Julia Bullock & Renate Rohlfing
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Julia Bullock & Renate Rohlfing

Met Museum’s Grace Rainey Rogers Auditorium | Naumburg Foundation

ON NOVEMBER 10, the Naumburg Foundation presented Julia Bullock, a very gifted soprano, in recital in the Met Museum’s Grace Rainey Rogers Auditorium. Bullock’s voice is certainly one of the most beautiful lyric instruments of her generation: hers is a warm sound, heavy but not inhibited by vibrato with a supple middle and jazzy undertones in her lower register. 

Most suited to Bullock in this recital were the songs of Kurt Weill and Pierre Revel (1901–1984). From the catalogue of the lesser-known, latter composer, Bullock performed Six chansons de Pierre Revel, which she’s championed in recital previously. Revel’s lush melodies were illuminated by Bullock’s rich middle; in fact, the adroit handling of the tessitura made one curious as to what Bullock could do with lyric mezzo opera roles. Clearly, this middle voice is an easy place for Bullock to live, and she stayed there for most of her selections; there were no signs of stress on her face, as there sometimes was when she extended her reach upward, such as in songs by Samuel Barber. Of Bullock’s Weill selections, “Wie lange noch” (How much longer?) was a particular powerhouse; given its debut by Lotte Lenya towards the end of World War II, it was a protest against Nazism, and in Bullock’s telling, it was a poignant outpouring of emotion. In fact, each of her Weill selections (which also included “Denn wie man sich bettet,” “Lost in the Stars,” and “The Princess of Pure Delight”) allowed Bullock to marry her innate tendency to tell a story with her intense musicality. Bullock’s performances made translations, which were provided in the program, unnecessary.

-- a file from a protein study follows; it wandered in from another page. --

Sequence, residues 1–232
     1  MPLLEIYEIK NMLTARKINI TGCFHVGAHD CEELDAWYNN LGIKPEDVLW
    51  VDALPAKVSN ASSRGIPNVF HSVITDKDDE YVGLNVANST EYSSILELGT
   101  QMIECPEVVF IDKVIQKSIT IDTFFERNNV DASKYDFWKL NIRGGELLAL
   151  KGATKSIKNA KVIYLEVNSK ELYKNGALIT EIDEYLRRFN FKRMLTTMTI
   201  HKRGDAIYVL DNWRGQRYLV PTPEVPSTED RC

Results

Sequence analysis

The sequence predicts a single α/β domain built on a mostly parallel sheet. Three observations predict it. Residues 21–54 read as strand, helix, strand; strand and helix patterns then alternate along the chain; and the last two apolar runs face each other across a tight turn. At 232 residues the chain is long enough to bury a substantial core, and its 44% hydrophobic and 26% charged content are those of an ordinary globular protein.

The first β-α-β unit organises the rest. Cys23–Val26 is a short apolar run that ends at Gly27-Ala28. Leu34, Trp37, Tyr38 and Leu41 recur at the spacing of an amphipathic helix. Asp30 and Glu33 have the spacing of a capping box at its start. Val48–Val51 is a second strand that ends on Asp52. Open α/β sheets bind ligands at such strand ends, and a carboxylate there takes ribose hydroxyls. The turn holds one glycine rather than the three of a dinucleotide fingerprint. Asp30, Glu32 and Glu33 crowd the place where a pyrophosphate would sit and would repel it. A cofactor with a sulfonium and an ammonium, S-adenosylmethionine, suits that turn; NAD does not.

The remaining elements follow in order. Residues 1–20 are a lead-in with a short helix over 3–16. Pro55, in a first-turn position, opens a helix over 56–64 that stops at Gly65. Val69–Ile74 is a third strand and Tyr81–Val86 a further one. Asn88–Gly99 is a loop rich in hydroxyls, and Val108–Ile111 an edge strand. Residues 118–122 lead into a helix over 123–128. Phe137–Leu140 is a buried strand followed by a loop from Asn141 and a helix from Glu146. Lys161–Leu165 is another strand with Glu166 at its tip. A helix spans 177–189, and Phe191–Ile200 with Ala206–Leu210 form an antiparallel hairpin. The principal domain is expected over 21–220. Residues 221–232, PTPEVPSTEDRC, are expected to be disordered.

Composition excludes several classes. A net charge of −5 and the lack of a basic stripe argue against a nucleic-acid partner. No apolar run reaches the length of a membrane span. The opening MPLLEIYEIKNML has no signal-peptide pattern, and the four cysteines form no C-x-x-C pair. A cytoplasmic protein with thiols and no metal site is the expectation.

The music of the more famous Ravel (Maurice) showed Bullock’s smooth movement between notes; the more recit-like moments of Cinq mélodies populaires grecques were delivered conversationally, with care taken in the words. Bullock’s work in “Vandring i Skoven,” with music by Edvard Grieg set to a poem by Hans Christian Andersen, made the most beautiful lullaby, while her bottom notes in Poulenc’s “Métamorphoses,” while sensuous, made one want for just a bit more projection. (The same could be said of Bullock’s opener, John Cage’s “She is Asleep,” a very curious way to begin the recital.) 

Much kudos are due to the excellent Renate Rohlfing at the piano, whose thoughtful playing (most especially in Nystroem’s “Ute i skären,” and in the music of Ravel) somehow always management to remain dynamic at the exact perfect volume.  —Maria Mazzaro 

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